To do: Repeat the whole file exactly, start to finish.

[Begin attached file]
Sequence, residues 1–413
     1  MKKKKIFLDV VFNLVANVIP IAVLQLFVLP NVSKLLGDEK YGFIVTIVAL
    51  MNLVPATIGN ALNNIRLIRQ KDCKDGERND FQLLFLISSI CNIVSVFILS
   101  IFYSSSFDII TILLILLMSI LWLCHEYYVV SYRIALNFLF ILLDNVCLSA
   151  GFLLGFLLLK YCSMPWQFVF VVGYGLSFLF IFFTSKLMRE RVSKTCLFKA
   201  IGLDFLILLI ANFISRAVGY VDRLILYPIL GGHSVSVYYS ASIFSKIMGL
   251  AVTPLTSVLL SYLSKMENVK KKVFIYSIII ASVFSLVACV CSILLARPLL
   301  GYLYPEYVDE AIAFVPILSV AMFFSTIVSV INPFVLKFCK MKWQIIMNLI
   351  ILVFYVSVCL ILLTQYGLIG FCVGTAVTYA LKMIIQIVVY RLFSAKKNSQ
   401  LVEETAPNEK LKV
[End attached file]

Sequence, residues 1–413
     1  MKKKKIFLDV VFNLVANVIP IAVLQLFVLP NVSKLLGDEK YGFIVTIVAL
    51  MNLVPATIGN ALNNIRLIRQ KDCKDGERND FQLLFLISSI CNIVSVFILS
   101  IFYSSSFDII TILLILLMSI LWLCHEYYVV SYRIALNFLF ILLDNVCLSA
   151  GFLLGFLLLK YCSMPWQFVF VVGYGLSFLF IFFTSKLMRE RVSKTCLFKA
   201  IGLDFLILLI ANFISRAVGY VDRLILYPIL GGHSVSVYYS ASIFSKIMGL
   251  AVTPLTSVLL SYLSKMENVK KKVFIYSIII ASVFSLVACV CSILLARPLL
   301  GYLYPEYVDE AIAFVPILSV AMFFSTIVSV INPFVLKFCK MKWQIIMNLI
   351  ILVFYVSVCL ILLTQYGLIG FCVGTAVTYA LKMIIQIVVY RLFSAKKNSQ
   401  LVEETAPNEK LKV